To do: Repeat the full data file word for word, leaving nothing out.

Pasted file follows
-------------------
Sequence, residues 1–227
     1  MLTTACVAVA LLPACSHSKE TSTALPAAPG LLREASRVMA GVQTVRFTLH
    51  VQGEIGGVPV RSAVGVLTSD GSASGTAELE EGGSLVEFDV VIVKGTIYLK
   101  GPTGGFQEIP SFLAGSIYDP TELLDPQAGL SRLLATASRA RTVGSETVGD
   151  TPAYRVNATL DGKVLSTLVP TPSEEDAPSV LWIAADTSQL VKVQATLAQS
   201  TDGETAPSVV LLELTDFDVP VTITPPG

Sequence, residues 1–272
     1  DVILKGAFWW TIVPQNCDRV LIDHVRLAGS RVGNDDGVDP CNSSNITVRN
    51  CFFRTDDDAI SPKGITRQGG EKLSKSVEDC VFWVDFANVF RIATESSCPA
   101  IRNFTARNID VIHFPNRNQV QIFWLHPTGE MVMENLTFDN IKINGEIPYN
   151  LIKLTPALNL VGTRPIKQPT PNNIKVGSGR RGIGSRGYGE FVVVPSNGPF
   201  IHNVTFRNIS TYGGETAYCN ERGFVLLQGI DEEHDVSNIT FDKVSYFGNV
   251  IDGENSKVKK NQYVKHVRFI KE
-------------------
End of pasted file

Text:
Sequence, residues 1–227
     1  MLTTACVAVA LLPACSHSKE TSTALPAAPG LLREASRVMA GVQTVRFTLH
    51  VQGEIGGVPV RSAVGVLTSD GSASGTAELE EGGSLVEFDV VIVKGTIYLK
   101  GPTGGFQEIP SFLAGSIYDP TELLDPQAGL SRLLATASRA RTVGSETVGD
   151  TPAYRVNATL DGKVLSTLVP TPSEEDAPSV LWIAADTSQL VKVQATLAQS
   201  TDGETAPSVV LLELTDFDVP VTITPPG

Sequence, residues 1–272
     1  DVILKGAFWW TIVPQNCDRV LIDHVRLAGS RVGNDDGVDP CNSSNITVRN
    51  CFFRTDDDAI SPKGITRQGG EKLSKSVEDC VFWVDFANVF RIATESSCPA
   101  IRNFTARNID VIHFPNRNQV QIFWLHPTGE MVMENLTFDN IKINGEIPYN
   151  LIKLTPALNL VGTRPIKQPT PNNIKVGSGR RGIGSRGYGE FVVVPSNGPF
   201  IHNVTFRNIS TYGGETAYCN ERGFVLLQGI DEEHDVSNIT FDKVSYFGNV
   251  IDGENSKVKK NQYVKHVRFI KE